Then one came as if out of the darkness and the Gift was in him. From that time the Community was as Ezekial had said it would be. Of the first Voice of the Community little was known before his teaching began. But the vision and the memory and the promise of Ezekial had been fulfilled. None living then were told from what House he arose. But now it may be known that he was of the house of Judas of Maccabees and was the eldest son. He escaped the death that overtook his father. He saw both the futility and the promise of what Judas of Maccabees had done. He grieved for the father he had lost and for what was still to be lost. For he was Gifted with that which is from God and Saw. But he turned his back and walked away from the battle in which his brothers and uncles and cousins still fought. He was Called by the Lord and he gave to the Lord his entire life. His name was Jaboaz, and he was called Boaz before he was Voiced. It was said that in him Ezekial was reborn. But this he denied. He was a tall man with eyes of cobalt blue that saw into the soul of a man and a fire burned in him and he could not be denied. He gathered to him disciples who undertook the Study. He moved swiftly and with utter surety to find those who were Gifted. He knew them before meeting them in the flesh and Called them to serve and be dedicated. And this was accomplished before he had entered his twenty-third year. Around these few grew up the Community and many were added and gave themselves to the service of what was to be. But no other who was Voiced arose until the coming of Jachin.


Jachin was of the Families, of the House of Jacob, and came to the Community already giving full weight to the Gift which was his. He was also tall, as tall as Jaboaz. But where Jaboaz burned with a fire that seemed to have consumed his flesh, Jachin was muscled. He moved with the strength and weight of a lion. Jachin needed no training in the ways of the Spirit. These two became as two pillars and there were three others who were trained between them. This was the first generation dedicated to the Community who were Voiced. But they were the second generation dedicated to the service. And in that generation there were five Voices.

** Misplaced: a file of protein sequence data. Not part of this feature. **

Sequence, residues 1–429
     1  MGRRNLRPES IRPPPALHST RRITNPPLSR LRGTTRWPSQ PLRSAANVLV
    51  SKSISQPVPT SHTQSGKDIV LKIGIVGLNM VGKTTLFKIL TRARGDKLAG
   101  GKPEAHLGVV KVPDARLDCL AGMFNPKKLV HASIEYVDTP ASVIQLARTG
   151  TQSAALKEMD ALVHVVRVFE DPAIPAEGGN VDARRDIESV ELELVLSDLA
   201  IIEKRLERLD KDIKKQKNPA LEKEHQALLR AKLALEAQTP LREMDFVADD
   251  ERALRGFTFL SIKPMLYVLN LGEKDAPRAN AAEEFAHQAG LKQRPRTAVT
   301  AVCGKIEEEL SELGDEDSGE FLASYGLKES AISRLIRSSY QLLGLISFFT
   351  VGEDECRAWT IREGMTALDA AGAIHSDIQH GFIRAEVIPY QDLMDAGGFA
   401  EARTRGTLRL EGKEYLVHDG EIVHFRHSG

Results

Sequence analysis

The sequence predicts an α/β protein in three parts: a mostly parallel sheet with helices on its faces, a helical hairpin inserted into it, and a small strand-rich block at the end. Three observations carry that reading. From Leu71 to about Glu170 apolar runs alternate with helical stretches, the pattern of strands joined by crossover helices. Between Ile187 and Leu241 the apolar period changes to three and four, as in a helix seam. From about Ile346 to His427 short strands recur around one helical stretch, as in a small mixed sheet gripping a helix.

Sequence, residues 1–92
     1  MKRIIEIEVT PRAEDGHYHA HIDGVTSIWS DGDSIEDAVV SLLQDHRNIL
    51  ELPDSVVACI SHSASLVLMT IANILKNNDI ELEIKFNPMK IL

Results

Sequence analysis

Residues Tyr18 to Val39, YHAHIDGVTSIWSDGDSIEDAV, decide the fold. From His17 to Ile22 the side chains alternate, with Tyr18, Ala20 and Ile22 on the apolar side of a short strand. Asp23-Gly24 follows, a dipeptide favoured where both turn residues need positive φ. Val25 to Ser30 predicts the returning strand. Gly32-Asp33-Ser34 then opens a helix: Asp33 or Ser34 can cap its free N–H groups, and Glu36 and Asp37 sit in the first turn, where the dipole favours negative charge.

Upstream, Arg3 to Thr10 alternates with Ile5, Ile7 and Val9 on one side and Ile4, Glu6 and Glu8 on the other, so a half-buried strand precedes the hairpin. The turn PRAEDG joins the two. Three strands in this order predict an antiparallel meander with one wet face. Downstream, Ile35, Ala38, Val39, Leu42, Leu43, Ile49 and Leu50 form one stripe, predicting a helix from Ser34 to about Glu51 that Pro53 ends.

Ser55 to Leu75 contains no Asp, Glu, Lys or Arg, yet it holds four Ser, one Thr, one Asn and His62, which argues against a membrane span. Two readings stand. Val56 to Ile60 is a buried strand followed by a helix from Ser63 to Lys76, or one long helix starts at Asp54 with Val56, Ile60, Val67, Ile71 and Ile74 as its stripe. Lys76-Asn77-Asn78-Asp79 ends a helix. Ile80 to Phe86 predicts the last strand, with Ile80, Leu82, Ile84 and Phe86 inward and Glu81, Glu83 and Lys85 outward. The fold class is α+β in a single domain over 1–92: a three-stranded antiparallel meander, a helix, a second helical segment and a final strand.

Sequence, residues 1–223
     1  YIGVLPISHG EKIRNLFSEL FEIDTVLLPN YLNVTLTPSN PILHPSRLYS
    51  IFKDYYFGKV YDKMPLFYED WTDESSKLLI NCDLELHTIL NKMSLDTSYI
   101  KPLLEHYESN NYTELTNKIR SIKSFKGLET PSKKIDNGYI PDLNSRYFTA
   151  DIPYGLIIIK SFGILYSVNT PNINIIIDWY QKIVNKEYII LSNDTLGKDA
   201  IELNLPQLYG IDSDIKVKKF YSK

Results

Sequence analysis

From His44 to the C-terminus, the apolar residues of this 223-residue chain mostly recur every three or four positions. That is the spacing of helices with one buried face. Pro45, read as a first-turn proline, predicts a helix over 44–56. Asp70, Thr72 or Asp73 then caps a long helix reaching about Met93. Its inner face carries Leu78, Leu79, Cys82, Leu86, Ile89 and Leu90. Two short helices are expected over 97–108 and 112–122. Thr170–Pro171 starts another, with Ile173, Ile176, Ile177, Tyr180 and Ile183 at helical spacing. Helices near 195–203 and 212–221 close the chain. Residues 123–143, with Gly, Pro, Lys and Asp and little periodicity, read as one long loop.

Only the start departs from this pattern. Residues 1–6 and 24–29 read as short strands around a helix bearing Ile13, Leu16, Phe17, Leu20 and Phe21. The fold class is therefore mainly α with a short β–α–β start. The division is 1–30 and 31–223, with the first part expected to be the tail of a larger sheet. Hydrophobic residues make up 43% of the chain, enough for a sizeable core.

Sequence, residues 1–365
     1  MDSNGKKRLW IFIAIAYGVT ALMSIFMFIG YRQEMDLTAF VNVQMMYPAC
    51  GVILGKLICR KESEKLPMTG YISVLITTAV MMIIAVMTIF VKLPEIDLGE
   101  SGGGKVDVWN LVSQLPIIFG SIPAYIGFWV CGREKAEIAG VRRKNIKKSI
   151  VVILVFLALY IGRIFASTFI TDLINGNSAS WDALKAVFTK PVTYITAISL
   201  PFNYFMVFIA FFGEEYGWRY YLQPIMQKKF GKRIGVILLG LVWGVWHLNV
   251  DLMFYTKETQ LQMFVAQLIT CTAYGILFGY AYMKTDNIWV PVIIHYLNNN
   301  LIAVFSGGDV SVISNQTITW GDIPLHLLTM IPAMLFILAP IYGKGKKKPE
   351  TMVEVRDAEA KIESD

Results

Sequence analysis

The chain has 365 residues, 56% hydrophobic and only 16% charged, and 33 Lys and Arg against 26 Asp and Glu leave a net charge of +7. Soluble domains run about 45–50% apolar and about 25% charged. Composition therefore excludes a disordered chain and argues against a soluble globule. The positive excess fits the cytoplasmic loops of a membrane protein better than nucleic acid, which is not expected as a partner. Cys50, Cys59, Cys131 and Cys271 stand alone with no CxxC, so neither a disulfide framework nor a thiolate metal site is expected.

In was in this time that the Ritual was begun from that which was left them from Ezekial. The Voiced spoke the words and were joined by the discipled. Their words and voices and movements defined the Covenant and were forbidden to any who were not of the Covenant.


In the second generation, while Jaboaz was an old man and Jachin was a man in his prime, having entered his forty-first year, a man came to them. He was not of the Families or even of any House or of the people of Israel. He was called Ornibas and was from the country and people of Babylon. Knowing this caused some to shrink from him and others to threaten him.


He had been born a prince in that country and had come to his manhood and married and had two wives. But in his thirty-second year he was taken by a vision and heard the voice of God which commanded him to go from his people and his nation and do the work which was set for him by God. The voice of God had entered into him and Illuminated him. He saw where others were blind and knew the weight of the Spirit and felt the joy of serving the Lord. The Lord spoke to him and the future was opened to him as if it was painted as a mural. He understood who he was.


Ornibas had been born hungry in the spirit. And in the Sacred Breath of the Holy he was fed. He made himself ready, abdicating all claim of Royalty and divorcing his wives. His family and those who owed him allegiance were shaken and rent their clothes and begged him to stay. But he could not for he had heard the word of the Lord. He took with him, from the life that he left, only the Cup of Righteousness. This had been shown him by the Lord and he had taken it from the place where it lay in the temple of the Egyptians, buying it for four times its weight in gold.


The Cup had rested in the Temple and been taken when it was razed. It had passed through many hands to come to Babylon. It was beautifully wrought. The cup was six sided and delicately fluted. It was old, older than the memory of any man, and carried within its making the forgotten promises of a world which had given birth to all humankind. The cup had come with Moses from Egypt and from there it had rested in the Temple of Isis. But it was old when it came to Egypt. None remembered this, but in its time one would drink from the cup and speak out its mystery.